If you’re in Queenstown for a couple of days I’d recommend doing some of the hikes (Queenstown Hill / Ben Lomond) as well as a trip to Arrowtown on one day and then do the drive to Glenorchy, Paradise and Kinloch on the other day. Of course Queenstown is most well known as New Zealand’s adventure capital, so you can fit in a bout of jet boating or bungee jumping on either day.

Walking the historic streets of Arrowtown, New Zealand

Milford Sound (1 night)

Did you watch the recent Alien: Covenant movie? I did, although all I can remember is that part of it was filmed at Milford Sound. Is seeing the filming location of a middling sci-fi sequel reason enough to visit a place? No — but you’ll want to visit Milford Sound anyway as it’s easily one of New Zealand’s most scenic spots. Many people visit Milford Sound as a day trip from Queenstown, and it’s  an OK option if you really can’t spare the time. Otherwise, spend a night in the area (either at Te Anau or one of the camping grounds / lodges closer to Milford Sound) and see some of the beautiful nature close to Milford Sound. You can do a hike — Lake Marian and Key Summit have awesome views — or stop off at some of the easier to access sights including the Mirror Lakes and Humboldt Falls. You’ll see a bit on a day trip but you can’t beat having more time to explore the area.

The Lake Marian hike, Fiordland National Park, New Zealand

Once at Milford Sound you should take a cruise out to the edge of the Tasman Sea. This is iconic New Zealand tourism stuff — don’t leave a trip to Milford Sound off your New Zealand South Island itinerary!

The Catlins

From Milford Sound it’ll take you 4-5 to get to the Catlins. If you leave early in the morning you could drive there, see a few waterfalls and beaches and be in Dunedin by dinner time. It’s worth spending a night though if you can. Some of the Catlins highlights include Nugget Point Lighthouse, the waterfalls (Purakaunui Falls, Matai Falls, McLean Falls), the viewpoint above Tautuku Beach, Cathedral Caves and Curio Bay. Most sights are a short walk from their respective car parks and if you’re lucky you’ll see some wildlife at the beaches (penguins, sea lions, dolphins etc).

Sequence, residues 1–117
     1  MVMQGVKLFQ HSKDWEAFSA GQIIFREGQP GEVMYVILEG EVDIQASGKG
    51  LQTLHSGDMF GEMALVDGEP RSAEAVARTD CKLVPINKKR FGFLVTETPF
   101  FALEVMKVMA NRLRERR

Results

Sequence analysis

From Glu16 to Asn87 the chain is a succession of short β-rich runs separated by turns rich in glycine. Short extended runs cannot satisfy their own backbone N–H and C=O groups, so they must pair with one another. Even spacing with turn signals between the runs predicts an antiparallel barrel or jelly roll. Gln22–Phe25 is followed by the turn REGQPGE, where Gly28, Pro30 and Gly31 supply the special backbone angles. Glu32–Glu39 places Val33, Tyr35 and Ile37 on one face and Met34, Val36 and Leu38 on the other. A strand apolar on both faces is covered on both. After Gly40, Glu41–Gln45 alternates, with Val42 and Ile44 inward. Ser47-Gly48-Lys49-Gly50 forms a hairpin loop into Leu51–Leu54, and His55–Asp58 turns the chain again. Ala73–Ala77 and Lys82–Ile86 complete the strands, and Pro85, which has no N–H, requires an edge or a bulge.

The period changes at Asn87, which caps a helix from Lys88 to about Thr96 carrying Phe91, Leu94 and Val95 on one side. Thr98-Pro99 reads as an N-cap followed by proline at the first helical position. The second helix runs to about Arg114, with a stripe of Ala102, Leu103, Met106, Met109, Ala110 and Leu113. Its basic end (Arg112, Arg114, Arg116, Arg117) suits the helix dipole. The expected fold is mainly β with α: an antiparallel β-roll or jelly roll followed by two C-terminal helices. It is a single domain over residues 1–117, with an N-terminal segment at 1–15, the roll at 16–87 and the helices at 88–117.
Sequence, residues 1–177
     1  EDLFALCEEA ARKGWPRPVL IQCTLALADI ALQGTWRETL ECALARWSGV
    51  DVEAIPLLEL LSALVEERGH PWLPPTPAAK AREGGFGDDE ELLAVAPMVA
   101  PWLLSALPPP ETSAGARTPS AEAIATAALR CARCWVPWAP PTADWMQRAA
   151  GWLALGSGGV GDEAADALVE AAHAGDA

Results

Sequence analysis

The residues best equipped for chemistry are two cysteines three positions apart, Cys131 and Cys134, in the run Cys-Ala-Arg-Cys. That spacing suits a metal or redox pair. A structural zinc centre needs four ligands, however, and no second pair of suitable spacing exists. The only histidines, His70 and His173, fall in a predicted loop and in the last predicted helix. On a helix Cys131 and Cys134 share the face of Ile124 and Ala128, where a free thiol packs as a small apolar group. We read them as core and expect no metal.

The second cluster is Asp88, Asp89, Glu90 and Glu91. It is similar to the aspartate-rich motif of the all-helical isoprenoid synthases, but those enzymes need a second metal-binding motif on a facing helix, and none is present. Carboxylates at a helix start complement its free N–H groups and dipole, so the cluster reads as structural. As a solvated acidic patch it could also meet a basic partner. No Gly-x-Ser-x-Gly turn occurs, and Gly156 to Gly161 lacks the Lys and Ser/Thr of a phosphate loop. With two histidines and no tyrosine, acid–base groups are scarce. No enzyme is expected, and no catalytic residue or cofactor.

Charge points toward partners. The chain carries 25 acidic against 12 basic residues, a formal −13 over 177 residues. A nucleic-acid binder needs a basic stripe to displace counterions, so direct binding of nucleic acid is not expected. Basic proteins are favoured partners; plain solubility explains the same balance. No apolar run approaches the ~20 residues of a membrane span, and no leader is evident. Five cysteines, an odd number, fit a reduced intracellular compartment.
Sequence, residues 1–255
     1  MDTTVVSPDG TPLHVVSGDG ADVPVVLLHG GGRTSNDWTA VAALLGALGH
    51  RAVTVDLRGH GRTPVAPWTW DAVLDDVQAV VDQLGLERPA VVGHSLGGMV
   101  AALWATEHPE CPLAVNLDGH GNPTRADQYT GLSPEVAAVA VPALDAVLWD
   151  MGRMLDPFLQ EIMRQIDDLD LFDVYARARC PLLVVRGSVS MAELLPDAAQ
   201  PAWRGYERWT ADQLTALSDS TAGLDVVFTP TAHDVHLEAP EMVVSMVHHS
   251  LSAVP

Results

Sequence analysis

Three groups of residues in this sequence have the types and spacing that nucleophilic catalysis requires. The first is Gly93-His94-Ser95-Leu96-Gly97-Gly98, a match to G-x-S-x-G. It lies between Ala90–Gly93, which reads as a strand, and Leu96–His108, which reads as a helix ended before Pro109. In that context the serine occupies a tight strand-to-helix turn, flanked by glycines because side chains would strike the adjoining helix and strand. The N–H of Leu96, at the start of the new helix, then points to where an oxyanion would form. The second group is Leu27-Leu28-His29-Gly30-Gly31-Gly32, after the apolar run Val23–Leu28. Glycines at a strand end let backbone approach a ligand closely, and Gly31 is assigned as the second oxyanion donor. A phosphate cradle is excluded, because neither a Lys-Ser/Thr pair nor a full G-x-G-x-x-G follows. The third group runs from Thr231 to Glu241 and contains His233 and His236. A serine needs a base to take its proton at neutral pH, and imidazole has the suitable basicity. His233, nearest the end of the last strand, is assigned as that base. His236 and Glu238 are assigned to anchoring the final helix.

Dunedin (2 nights)

I grew up (after the age of 10 at least) in Dunedin and I’ve recently come to realise that it’s New Zealand’s coolest city. Hikes, bars and restaurants, beaches, waterfalls, historic buildings, a scenic train ride, viewpoints, surreal coastal formations, the world’s steepest street and wildlife are all on offer in the Edinburgh of the South (that’s what Dunedin means if you were wondering). There’s so much to do in Dunedin I’m struggling to come up with a two day schedule! Check out my posts and have a go at planning it yourself.